Venture into Dicke-Smith art gallery and you will see Danielle Trevino’s art hanging on the walls as part of the Senior Art Exhibition, “Eight Confessions.” Trevino’s artwork is a reflection of the end of four eventful years at Trinity.
Trevino, a communication and studio art double major, is completing two capstone projects this semester — projects that, while in different fields, share a lot of common ground with one another.
Trevino’s senior art exhibition explores the lapse of common ground and communication in today’s political discourse. “A Warning to 1796,” which features a message from George Washington about political parties, underlaid with colorful elephants and donkeys, conveys the irony of what some see as a hyperpartisan atmosphere. Her other piece, “How did we get here? How did we get here?” likewise uses images of a suited marionette to reflect upon current events.
“I really wanted to make some conversation starter pieces about our current political climate,” Trevino said.
For her communication major capstone, Trevino is creating a documentary that explores different facets of the San Antonio arts scene.
“I wanted to do a capstone topic that combined both of my academic interests, studio art and communication,” Trevino said. “I’m doing a documentary about public art in San Antonio and interviewing different people in the arts community around the city and finding and filming different mural site locations in San Antonio.”
Trevino has been part of TigerTV since her sophomore year and is now the station manager. She cites TigerTV as one of the main reasons she wanted to come to Trinity.
James Bynum, adviser for TigerTV and operations manager for the Department of Communication, said that Trevino showed a natural aptitude for the skills needed to manage TigerTV from the beginning.
“Danielle is the best of the best, and we definitely want students like her to be in charge of TigerTV,” Bynum said. “She’s been a great station manager this year — she has an innate ability to organize and most importantly, she wants her peers to succeed.”
Trevino was also the 2018–2019 co-captain of Orientation Team (O-Team) along with fellow seniors Mindy Tran and Sarosha Hermani.
Esther Kim, assistant director for Orientation Programs, said that Trevino has shown considerable growth in her leadership as a member of O-Team.
“As a member [of O-Team], Dani really stood out to me because she is really creative, hardworking, driven and cares a lot about our Trinity community and part of our O-Team’s mission is to provide a welcoming experience for students and their families,” Kim said. “As captain, she had a lot of responsibilities. During New Student Orientation, she helped with designs for our O-Team shirts and Team Trinity shirts, she helped with the transition hire of our previous O-Team as well as our graduate student intern, and she was just involved in the entire process from beginning to end.”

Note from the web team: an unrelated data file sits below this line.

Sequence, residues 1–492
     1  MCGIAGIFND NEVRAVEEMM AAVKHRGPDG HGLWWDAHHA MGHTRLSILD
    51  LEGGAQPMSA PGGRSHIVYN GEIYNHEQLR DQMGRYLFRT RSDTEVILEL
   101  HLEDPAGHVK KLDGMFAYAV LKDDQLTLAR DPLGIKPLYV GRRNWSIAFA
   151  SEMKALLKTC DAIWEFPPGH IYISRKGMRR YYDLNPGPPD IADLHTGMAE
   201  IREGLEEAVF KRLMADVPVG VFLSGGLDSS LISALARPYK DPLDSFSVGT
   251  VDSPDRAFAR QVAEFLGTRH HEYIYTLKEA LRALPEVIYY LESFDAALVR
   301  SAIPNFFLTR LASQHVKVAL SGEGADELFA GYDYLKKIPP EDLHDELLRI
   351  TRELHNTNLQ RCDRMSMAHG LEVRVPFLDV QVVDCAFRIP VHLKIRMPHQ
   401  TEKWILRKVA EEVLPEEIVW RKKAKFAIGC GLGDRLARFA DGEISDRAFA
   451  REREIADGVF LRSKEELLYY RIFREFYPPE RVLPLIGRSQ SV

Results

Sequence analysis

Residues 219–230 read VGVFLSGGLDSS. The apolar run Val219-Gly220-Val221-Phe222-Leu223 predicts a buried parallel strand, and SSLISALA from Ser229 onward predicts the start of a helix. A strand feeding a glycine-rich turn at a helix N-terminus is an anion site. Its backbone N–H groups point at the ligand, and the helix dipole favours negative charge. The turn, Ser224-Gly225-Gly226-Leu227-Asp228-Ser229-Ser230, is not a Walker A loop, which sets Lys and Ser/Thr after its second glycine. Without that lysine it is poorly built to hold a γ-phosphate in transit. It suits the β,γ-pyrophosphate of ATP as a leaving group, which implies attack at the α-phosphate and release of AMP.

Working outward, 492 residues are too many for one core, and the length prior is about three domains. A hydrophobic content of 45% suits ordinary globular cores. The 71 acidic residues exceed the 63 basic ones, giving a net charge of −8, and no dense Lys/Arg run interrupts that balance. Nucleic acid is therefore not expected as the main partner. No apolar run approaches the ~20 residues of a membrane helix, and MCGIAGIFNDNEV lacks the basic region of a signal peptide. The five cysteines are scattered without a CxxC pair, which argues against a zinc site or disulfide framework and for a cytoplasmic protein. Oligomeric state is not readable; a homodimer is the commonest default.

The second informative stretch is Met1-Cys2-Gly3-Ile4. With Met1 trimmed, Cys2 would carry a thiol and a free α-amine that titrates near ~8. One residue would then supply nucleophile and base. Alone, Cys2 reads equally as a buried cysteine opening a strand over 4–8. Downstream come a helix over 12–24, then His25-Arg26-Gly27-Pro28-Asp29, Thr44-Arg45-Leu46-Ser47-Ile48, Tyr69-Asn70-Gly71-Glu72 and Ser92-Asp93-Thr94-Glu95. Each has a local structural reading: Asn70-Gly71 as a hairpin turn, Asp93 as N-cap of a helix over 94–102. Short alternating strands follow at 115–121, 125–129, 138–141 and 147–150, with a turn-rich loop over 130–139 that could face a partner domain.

Another of Trevino’s accomplishments is founding Trinity Art Collective, a student organization with a focus on art and creativity, when she was a first-year; Kim recalls Trevino’s active engagement with Student Involvement to create this organization.
“Trinity Art Collective was a rejuvenated student organization that [Trevino] established as a first-year. She, as a first-year, was able to say that we have a need for students who are interested in art and art history to re-form this organization,” Kim said. “That was when I first saw her as a student leader but also as someone who cares about our community.”
For Trevino, the best thing about her student organization participation at Trinity —and Trinity in general — is the people she has met.
“I’ve been in so many organizations, I know a lot of people across all different grade levels and disciplines … The people are so entangled with with the memories, so it’s like I probably would have had a really different experience at Trinity without them,” Trevino said. “Like, what’s TigerTV without [TigerTV advisor] James Bynum? What’s TigerTV without X, Y and Z people involved in it?”
Over her four years at Trinity, Trevino has also gotten to know the seven other studio art majors who are exhibiting their pieces this semester. For Trevino and her peers, the Senior Art Exhibition is the culmination of four long years of artistic growth.
“Everything came full circle,” Trevino said. “I remember most of these people when we were all first-year art majors, and we all knew that we were going to do the senior exhibition one day, so it’s kind of amazing that we’re actually there now.”
After graduation, Trevino is working as the social content coordinator for Whataburger, where she hopes to utilize her art and communication knowledge to create graphics and increase the company’s brand recognition.
“When I went abroad, the two things I missed the most were H-E-B and Whataburger … It’s one of those companies that make me think of home, and it’s a good company to work with: the benefits are really good, they have low turnover, and it’s not a company that’s going to go out of business anytime soon,” Trevino said. “I’ll be creating in distributing our social content. It will be a lot of social media-based [work], lots of graphics, video content and photography, which I’m pretty well-versed in.”
Although Trevino will be busy with her new career, she plans to continue making art and volunteering with fellow creators in San Antonio.
“I’ve made a lot of connections through the documentary with people in the arts community,” Trevino said. “I’ve had a lot of internships and know a lot of people, so I look forward to continuing to volunteer and stay connected to the city.”
| Class of 2021 | Majors: English and Anthropology |